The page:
Arts and Entertainment £8m: Charlotte Church's musical hiatus hasn't stopped her making the list

Former chart star Charlotte Church has been chosen to deliver an annual lecture to the radio industry in honour of late broadcaster John Peel.

IF YOU CAN'T JOIN 'EM

Not everyone wants to sign on with the Roadshow. So what other career paths are open to the ageing rocker?

ROCK / The what, where, when and how good: Ben Thompson listens to a new boxed set of The Who, and talks to Roger Daltrey

'WHEN I got close up to him, I could see he was wearing my true face . . . the face I always wanted.' This, according to The Who's scrupulous biographer, Dave Marsh, is how hard-core fan 'Irish Jack' felt when he first saw Pete Townshend on stage at a Shepherd's Bush church hall in 1962. The epiphanous effect might seem to be undermined by Jack's qualifying statement - 'Everything would have been perfect if I had a nose like this geezer' - but it actually isn't. It was The Who's very distance from picture-book pop- star ideals that would make them so important to people.

ROCK / Not even star of his own band

THE TITLE of Bryan Adams' compilation album, So Far So Good, says a lot. Despite spending almost a third of 1991 at No 1 with '(Everything I Do) I Do it for You', Adams is still pretending a wheel could fall off any minute. His appearance at Wembley Arena was all about this strange contrast between phenomenal record sales and self-effacing blokedom.

Baba don't preach: Meher Baba came 'not to teach but to awaken'. A century later Dominic Cavendish finds his message of love is still being taken seriously

Tomorrow is the 100th anniversary of the birth, in Poona, India, of Meher Baba. To many people, this will mean nothing at all. Yet over the next few days several hundred devotees from around the country will gather to celebrate the life of the man who claimed he was the Avatar, or Christ, of his age.

THEATRE / Neil Bartlett 1, Pete Townshend 0: Night After Night - Royal Court; Iron Man - Young Vic; The Clearing - Bush

IN Night After Night, Neil Bartlett faces the musical. Together with Nicolas Bloomfield, the actor, producer and director has concocted an evening with 17 numbers, an on-stage band, a six-man chorus and, for the leading lady, more costume changes than Diana Ross made in the whole of the 1970s. But this is by no means your straight West End show: Cats-lovers may find themselves rubbed up the wrong way. Night After Night tips out the form's conventions on to the stage, shines a bright light in their eyes and watches them flinch.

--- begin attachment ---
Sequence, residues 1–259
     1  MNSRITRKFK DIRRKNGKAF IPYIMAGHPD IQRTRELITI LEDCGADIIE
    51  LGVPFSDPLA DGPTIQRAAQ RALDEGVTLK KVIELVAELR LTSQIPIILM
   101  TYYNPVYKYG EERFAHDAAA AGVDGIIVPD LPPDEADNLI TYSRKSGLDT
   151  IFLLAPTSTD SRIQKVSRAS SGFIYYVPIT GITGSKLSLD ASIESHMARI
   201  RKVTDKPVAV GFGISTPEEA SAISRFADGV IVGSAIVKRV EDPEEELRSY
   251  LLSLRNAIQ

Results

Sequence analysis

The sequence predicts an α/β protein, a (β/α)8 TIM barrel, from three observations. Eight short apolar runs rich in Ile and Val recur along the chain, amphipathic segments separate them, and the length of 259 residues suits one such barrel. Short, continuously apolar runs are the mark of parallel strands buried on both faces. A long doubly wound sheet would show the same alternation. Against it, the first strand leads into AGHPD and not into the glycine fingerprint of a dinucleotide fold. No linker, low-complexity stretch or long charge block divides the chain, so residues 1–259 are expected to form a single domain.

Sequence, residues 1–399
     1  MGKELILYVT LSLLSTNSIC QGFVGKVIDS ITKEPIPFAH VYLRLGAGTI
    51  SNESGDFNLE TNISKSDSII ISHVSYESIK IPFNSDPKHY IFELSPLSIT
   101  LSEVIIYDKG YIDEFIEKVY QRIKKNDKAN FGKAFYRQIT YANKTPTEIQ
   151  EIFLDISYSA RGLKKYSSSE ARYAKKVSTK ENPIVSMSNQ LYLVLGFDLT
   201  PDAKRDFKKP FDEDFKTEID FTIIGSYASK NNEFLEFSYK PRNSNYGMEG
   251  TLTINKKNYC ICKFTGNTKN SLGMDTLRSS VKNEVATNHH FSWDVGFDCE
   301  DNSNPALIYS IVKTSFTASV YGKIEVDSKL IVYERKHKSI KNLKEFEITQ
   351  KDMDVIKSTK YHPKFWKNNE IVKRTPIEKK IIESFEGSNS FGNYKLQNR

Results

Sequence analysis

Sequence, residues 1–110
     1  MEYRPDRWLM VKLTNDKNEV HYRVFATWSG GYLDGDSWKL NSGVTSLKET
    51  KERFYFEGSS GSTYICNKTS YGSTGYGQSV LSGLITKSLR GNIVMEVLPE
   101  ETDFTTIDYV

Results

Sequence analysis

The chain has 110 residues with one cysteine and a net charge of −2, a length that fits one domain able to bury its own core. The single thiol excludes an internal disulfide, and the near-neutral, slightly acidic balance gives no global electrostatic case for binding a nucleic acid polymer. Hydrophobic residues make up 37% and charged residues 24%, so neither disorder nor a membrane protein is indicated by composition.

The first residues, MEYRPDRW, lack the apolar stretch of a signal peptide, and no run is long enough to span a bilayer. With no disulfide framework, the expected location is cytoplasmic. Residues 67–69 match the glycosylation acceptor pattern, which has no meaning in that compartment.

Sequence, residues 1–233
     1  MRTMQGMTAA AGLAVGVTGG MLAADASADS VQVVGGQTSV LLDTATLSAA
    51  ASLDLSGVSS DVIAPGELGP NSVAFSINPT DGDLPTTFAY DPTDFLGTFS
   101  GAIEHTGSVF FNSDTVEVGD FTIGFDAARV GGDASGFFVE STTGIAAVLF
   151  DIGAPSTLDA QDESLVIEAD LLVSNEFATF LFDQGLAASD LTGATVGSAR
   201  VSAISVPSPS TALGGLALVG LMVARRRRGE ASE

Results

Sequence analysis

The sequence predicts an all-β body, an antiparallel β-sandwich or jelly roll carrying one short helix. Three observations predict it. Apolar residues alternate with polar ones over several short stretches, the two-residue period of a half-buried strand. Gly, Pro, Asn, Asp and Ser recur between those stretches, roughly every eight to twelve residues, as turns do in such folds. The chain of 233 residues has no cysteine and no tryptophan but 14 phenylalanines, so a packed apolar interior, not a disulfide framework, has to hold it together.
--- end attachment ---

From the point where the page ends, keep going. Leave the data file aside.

THEATRE / Tales from the junkyard: Paul Taylor and Edward Seckerson double-take on Pete Townshend's The Iron Man

So eat your heart out Chitty Chitty Bang Bang and Tin Man and every other clump of animated hardware that has starred in a children's musical. The Iron Man would have you all for breakfast, and I mean that quite literally. 'I eat heavy metal / I chew limousines,' sings the cannibalistic junkyard giant in Pete Townshend's new 'rock opera' version of Ted Hughes's popular fairytales. In the more banally worthy patches of this earnestly right-on show, I found myself fantasising sick confrontations for our hero (the Iron Man discovered snacking off the hubcabs of 'Genevieve', say), anything rather than see him converted into an icon of ecological soundness by a bunch of self-righteous kids.

ROCK / Pete and Ted's excellent adventure: Pete Townshend, a milder, older Pete Townshend, has been working on a children's rock musical with the poet laureate Ted Hughes. Kevin Jackson reports

An American songwriter of Pete Townshend's generation once counselled his fans never to create anything, because creations have the nasty habit of staying with you and plaguing you for the rest of your life. One of the creations that has dogged the former leader of The Who is a line yawped by Roger Daltrey in 'My Generation', devoutly wishing the consummation of a young death.

He's got the whole world in his laptop: Interview: Pete Townshend invented Virtual Reality (maybe) and he still thinks there's life in the concept album. By Andy Gill

PETE TOWNSHEND is a busy man these days. In August he's off to the United States to work on a stage version of Iron Man, his musical setting of Ted Hughes's poem; the stage version of Tommy is a big hit on Broadway, has won five Tony awards and looks set to tour; another Who tour is looming on the horizon; and this week his latest solo project, a radio-play-with-music called Psychoderelict, is released, though Townshend won't be here to mark the fact. He's off on a low-key promotional tour of small American theatres. Busy, busy.

Musical harmonies disrupted by miner's 'revolutionary theory': Tim Kelsey reports on an attempt to convince musicologists about a new form of notation

IN THE music room, Duncan Thorburn has two guitars, an upright piano, and several huge scrolls of paper on which he has plotted his compositions.

ROCK & JAZZ / That's why the lady sings the dues

'NOT ONLY is this guy a great musician with an incredible voice, he also invented penicillin, rode the winner of the 1982 Kentucky Derby, and saved Eudora, my highland terrier, from certain death in a horrendous tumble-drier accident.' Nanci Griffith's introductions of her guests and accompanists at the Royal Albert Hall are a little on the fulsome side, given their contributions. Tanita Tikaram, for one, gets about three big, gruff notes in 'It's Too Late' before she's off back to her dressing-room, looking rather embarrassed.
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